Sunday, August 9, 2009

Where in the West: Broken Top

As you may remember from about a week ago, I left you at an unknown, nearly covered-in-smoke mountain for the August WITH. The rocky, broken-looking mountain is Broken Top, a volcano near Sisters, Oregon. Broken Top was correctly identified by Lockwood, who blogs at Outside the Interzone.

The Cascades Volcano Observatory's (CVO) main Broken Top Volcano page has a lot links to information, maps, and graphics about Broken Top, including this description. Essentially, Broken Top is a stratovolcano, part of the Three Sisters-Broken Top volcanic area. Broken Top is similar to other Cascade stratovolcanoes - including Mt. Ranier, Mt. St. Helens, and the South and Middle Sisters - but its original stratovolcano shape has been strongly modified by glacial erosion.

The age of the Broken Top eruptions is not precisely known, but it is thought to have been inactive for about 100,000 years. It's younger than the 0.3 Ma Shevlin Park Tuff, which erupted from a now buried vent, and is older than the South Sister.

Geologists once thought that Broken Top's craggy appearance was due to volcanic explosions that caused it to "blow its top," but that idea turned out to be erroneous. Consequently, my question about whether Broken Top should be classified as an erosional, depositional, or tectonic landform is a little tricky. As Lockwood pointed out, tectonic activity (namely subduction along the west edge of the North American plate) led to the volcanic eruptions that formed the intitial Broken Top volcano, and Pleistocene glaciation then caused the shape that can be seen today. Properly speaking, Broken Top is an erosional landform, namely that of a deeply eroded volcano.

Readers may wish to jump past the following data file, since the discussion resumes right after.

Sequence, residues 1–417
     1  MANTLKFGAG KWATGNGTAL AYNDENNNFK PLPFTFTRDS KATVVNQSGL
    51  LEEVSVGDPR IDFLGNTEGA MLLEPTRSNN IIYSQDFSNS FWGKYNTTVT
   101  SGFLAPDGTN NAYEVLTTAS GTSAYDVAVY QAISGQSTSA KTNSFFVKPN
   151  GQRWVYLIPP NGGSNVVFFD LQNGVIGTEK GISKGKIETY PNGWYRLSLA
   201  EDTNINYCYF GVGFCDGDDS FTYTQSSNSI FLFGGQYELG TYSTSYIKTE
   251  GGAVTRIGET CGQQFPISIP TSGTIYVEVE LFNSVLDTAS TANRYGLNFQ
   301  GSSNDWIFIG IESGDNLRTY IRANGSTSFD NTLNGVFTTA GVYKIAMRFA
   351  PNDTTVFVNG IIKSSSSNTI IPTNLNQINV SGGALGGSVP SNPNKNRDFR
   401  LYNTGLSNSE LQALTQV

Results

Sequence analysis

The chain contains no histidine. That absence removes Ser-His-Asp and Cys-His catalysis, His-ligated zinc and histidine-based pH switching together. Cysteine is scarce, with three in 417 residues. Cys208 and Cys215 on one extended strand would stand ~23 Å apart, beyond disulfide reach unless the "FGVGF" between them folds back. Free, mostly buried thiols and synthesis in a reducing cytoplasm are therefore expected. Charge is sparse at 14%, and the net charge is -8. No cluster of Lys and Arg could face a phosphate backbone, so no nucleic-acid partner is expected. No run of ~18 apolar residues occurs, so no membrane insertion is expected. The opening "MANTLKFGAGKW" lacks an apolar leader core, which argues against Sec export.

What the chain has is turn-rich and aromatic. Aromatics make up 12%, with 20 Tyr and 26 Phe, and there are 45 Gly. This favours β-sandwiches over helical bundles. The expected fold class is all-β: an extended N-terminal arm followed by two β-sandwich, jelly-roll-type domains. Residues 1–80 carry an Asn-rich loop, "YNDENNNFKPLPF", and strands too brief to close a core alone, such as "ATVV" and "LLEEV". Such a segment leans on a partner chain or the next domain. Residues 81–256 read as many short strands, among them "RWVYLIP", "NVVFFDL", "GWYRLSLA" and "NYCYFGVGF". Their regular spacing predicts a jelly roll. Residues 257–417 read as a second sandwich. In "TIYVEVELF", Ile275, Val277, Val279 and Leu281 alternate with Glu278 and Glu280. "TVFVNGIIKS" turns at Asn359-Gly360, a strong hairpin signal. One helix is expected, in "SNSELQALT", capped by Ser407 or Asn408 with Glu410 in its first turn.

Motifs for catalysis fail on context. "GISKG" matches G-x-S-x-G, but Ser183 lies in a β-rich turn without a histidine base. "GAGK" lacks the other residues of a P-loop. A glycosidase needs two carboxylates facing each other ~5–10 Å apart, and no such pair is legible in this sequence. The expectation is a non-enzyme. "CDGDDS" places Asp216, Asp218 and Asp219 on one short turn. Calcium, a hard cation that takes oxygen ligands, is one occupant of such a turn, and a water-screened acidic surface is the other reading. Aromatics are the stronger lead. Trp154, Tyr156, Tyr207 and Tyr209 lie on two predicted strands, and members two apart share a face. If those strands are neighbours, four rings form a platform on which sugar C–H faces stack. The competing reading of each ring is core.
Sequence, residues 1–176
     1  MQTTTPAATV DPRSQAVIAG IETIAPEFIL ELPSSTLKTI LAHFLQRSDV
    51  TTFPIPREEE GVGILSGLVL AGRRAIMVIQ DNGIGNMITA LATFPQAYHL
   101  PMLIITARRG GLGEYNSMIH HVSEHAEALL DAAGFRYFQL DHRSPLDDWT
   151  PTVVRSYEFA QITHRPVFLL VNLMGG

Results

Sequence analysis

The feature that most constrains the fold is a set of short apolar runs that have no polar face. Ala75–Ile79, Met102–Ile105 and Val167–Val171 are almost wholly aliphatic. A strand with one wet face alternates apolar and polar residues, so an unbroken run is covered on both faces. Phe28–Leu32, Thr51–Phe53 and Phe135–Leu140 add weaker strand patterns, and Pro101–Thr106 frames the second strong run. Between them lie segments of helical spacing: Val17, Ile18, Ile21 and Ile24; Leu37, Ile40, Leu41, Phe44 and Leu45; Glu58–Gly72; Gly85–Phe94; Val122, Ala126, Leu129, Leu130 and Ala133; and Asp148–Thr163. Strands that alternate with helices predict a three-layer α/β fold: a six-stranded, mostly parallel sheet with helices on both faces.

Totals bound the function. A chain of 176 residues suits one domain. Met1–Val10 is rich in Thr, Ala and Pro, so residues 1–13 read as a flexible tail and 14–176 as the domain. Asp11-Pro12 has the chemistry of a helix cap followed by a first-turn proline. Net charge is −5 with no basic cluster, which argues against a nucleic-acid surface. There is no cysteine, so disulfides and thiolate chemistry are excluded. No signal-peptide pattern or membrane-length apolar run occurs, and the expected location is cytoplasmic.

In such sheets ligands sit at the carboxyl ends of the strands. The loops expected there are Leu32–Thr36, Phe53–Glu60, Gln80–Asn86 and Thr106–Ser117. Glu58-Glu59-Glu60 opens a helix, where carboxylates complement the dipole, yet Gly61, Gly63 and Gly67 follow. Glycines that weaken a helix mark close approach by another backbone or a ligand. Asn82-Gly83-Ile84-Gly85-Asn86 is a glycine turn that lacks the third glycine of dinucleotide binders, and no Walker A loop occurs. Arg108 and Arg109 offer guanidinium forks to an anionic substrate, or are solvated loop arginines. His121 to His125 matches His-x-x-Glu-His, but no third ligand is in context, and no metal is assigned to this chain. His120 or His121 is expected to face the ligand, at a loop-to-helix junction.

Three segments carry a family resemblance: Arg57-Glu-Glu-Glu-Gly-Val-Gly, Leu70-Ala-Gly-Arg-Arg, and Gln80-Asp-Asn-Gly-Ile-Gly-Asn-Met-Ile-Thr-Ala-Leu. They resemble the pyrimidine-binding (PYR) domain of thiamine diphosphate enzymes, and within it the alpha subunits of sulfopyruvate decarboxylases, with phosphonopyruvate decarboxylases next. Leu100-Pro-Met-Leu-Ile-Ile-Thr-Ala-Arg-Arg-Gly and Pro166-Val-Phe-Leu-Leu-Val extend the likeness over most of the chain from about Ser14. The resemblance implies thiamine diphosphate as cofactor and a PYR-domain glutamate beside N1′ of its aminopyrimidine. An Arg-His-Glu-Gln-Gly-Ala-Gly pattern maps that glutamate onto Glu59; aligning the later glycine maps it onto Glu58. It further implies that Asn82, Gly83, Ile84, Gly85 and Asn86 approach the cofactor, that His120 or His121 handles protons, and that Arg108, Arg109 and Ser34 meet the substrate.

Some References:
Conrey, R. M., Donnelly-Nolan, J., Taylor, E. M., Champion, D., and Bullen, T., 2001, The Shevlin Park Tuff, Central Oregon Cascade Range: Magmatic Processes Recorded in an Arc-Related Ash-Flow Tuff: American Geophysical Union, Fall Meeting 2001, Abstracts.

Scott, W. E., and Gardner, C. A., 1990, Field trip guide to the central Oregon High Cascades, Part 1: Mount Bachelor-South Sister area: Oregon Geology, September 1990, v.42, n.5: Part 2: Bend Area: Oregon Geology, September 1990, v.42, n.6

Taylor, E. M., 1987, Field Geology of the Northwest Quarter of the Broken Top 15' Quadrangle, Deschutes County, Oregon: Oregon Department of Geology and Mineral Industries, Special Paper 21, 20 p. and map.


Lockwood said...

Here's a few more resources:
an overview map of the area; an indispensible guide to volcanism in the PNW; from that guide, a general overview of central Oregon Cascades geology by Ed Taylor, who happened to be one of my favorite profs here at OSU, and the detailed road guide to the area. Note that it does not go by Broken Top, but it does give a good idea of the areas volcanism. The best place to see it, as Silver Fox pointed out, is from the Cascade Lakes highway, which I think is AKA Century Drive. I backpacked in to Park Meadow, directly north of the peak, in the late 80's. The hike to that meadow was pretty easy. We camped there and did day hikes around the area- the lakes and streams coming off that mountain are gorgeous! With Three Sisters just to the west, and Broken Top to the south, I think that was the most beautiful camp site I've ever stayed at.

Silver Fox said...

Cool! Thanks for the great refs.